Budget 2024: should we be worried about the debt burden?

Discussions around the finance bill (PLF) for 2024 and the programming law until 2027 have brought the question of public debt and its cost back into the spotlight

Budget 2024: should we be worried about the debt burden?

Discussions around the finance bill (PLF) for 2024 and the programming law until 2027 have brought the question of public debt and its cost back into the spotlight. The first president of the Court of Auditors, Pierre Moscovici, was concerned, describing the increase in the debt burden, that is to say public expenditure devoted to the payment of interest, as “spectacular”. Presenting the budget, the Minister of the Economy, Bruno Le Maire also insisted on the increase in the rates at which France now borrows.

In fact, between 2021 and 2023, rates rose from almost zero to more than 3% for a ten-year loan. According to Bercy's forecasts, the debt burden would become the country's largest expenditure item in 2027, ahead of education and the army. How did we get here and should we be concerned?

The State goes into debt on a recurring basis to finance public operating and investment expenditure. He borrows, pays interest (“coupons”), repays at maturity and takes out new loans.

Before the 1970s, France resorted to national borrowing from citizen savers; from now on, it mainly borrows on the financial markets. It is the France Trésor Agency (AFT), located in the heart of Bercy, which is responsible for managing these operations. AFT warns investors that it will need financing. Each player says how much they are prepared to put in and, based on the offers, the AFT allocates prizes at the most attractive rates for them.

The line allocated to the debt burden – also called “debt service” – and to the State treasury would represent 52.2 billion euros next year. According to budget documents, this will be the fourth largest public expenditure item. Far behind tax refunds to businesses and individuals (under tax loopholes or incentive schemes) but also behind the budgets allocated to national education and defense.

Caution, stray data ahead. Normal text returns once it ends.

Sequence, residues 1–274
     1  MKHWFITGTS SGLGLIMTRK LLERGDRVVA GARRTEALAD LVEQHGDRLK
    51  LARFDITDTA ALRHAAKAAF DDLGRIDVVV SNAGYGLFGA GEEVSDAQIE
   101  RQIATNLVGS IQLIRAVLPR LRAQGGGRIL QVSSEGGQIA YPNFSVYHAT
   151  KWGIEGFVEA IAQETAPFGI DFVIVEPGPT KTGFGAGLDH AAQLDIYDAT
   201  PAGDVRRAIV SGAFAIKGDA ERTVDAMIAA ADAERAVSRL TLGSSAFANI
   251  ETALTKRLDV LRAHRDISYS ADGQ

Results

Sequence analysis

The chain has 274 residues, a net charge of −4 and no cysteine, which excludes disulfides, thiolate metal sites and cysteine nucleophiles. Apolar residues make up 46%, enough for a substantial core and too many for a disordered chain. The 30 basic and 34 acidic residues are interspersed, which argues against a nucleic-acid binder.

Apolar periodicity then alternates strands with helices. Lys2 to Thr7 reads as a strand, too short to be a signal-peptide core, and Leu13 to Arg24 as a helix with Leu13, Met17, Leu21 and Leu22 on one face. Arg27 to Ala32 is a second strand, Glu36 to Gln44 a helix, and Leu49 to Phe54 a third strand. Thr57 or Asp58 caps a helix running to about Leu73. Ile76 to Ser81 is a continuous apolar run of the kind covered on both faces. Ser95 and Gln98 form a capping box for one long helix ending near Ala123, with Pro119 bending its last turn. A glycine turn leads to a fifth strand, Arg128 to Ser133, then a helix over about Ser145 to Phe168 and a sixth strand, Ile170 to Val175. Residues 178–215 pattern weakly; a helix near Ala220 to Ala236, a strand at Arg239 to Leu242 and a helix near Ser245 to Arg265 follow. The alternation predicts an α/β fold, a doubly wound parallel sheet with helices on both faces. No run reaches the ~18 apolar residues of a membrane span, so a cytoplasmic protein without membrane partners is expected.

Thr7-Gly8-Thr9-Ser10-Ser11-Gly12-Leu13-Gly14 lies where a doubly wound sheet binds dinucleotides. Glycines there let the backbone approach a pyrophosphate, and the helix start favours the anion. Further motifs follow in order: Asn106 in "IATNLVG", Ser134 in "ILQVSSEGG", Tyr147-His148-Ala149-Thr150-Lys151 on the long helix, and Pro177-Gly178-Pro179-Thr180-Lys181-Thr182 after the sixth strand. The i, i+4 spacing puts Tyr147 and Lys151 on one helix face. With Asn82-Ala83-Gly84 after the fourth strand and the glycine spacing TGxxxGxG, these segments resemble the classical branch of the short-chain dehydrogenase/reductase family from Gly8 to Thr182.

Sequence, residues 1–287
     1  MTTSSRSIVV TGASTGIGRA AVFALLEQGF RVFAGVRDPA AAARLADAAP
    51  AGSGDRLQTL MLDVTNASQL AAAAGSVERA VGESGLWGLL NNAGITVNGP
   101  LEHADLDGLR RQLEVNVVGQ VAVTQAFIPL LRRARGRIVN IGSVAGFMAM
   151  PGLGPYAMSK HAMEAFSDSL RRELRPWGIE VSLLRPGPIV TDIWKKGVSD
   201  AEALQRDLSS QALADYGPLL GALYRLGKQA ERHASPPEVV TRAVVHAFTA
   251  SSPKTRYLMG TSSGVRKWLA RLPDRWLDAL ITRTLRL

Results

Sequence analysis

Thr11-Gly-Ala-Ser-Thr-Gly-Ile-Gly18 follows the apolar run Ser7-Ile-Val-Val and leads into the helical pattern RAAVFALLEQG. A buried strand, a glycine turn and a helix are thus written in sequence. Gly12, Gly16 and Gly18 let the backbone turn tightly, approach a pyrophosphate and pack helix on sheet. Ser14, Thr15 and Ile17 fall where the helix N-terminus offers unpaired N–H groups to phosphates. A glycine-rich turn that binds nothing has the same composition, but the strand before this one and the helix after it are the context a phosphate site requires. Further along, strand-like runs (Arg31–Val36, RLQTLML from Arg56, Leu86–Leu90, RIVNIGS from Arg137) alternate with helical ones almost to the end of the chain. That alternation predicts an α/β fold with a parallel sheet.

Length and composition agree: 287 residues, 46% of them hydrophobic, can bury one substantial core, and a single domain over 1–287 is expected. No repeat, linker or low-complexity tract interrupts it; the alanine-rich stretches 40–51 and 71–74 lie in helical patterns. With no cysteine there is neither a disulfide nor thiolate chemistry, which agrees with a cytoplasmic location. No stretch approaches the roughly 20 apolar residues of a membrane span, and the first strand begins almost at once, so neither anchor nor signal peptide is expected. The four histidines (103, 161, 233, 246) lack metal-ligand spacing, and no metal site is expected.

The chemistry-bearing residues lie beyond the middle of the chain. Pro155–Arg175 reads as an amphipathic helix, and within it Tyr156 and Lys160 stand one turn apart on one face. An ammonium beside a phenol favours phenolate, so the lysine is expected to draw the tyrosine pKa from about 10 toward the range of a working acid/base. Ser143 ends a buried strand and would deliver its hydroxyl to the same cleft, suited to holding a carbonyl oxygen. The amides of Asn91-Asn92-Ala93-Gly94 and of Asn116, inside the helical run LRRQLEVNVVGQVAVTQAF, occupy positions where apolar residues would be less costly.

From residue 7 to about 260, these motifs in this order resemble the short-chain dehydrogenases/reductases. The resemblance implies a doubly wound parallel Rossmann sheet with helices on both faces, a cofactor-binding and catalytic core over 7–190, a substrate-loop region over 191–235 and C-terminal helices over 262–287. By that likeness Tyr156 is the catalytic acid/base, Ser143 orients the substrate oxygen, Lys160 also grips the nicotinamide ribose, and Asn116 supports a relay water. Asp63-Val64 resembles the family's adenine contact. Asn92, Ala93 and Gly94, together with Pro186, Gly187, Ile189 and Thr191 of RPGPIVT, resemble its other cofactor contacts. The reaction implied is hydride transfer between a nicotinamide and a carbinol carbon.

There are three reasons for the increase in the debt burden: one, which mainly concerns the year 2022, is linked to inflation. Because the State borrows a small part of its debt – around 10% – at variable rates. However, the latter are linked to inflation (French and European). When consumer prices soared, these variable loans followed, the bill rising at the end of 2022 to 23 billion euros, or almost half of the interest paid that year.

The second reason is the rebound in all interest rates in the euro zone, for businesses, individuals, but also for States: they follow the movement initiated by the European Central Bank which raised its key rates to a level never reached. While these rates have long been close to zero, the rise to around 3% (in the case of fixed rate loans from the French State over ten years) is necessarily painful.

The last reason is the increase in volume of borrowing amounts planned for next year: 285 billion euros, compared to 270 billion euros this year, a record level.

The government justifies its desire to reduce public deficits by this rebound in rates which would burden the state budget. In this light, getting the country out of debt would be “a categorical imperative”, according to Bruno Le Maire.

But the effects of rising rates on France's fixed rate loans are progressive: the French state has loans with various maturities, which range from three months to thirty years. Next year, less than 10% of the 3,000 billion euros in stock of French loans will be renewed. When they mature and it is necessary to subscribe to new ones, the State knows that it can obtain attractive rates because lending money to the State remains a safe investment, which is not so current on the financial planet. With each issue, AFT places its debt without problem and has even been able to benefit from negative rates in recent years, with investors paying to lend to France.

On the other hand, as the majority of economists anticipate, the inflation which boosted variable rates should begin to decline in the years to come, and the increase in prices which penalized the year 2022 should gradually dissipate. Moreover, borrowing is a good economic calculation in times of inflation because the rise in prices reduces the real value of savings, assets but also... debts.

Finally, France's situation is not unique: in Western countries, public debt has continued to grow with the decline in growth and the liberalization of financial markets, offering States continued financing possibilities. more generous. In absolute value, the American debt has increased sixfold in twenty years, as has that of the United Kingdom.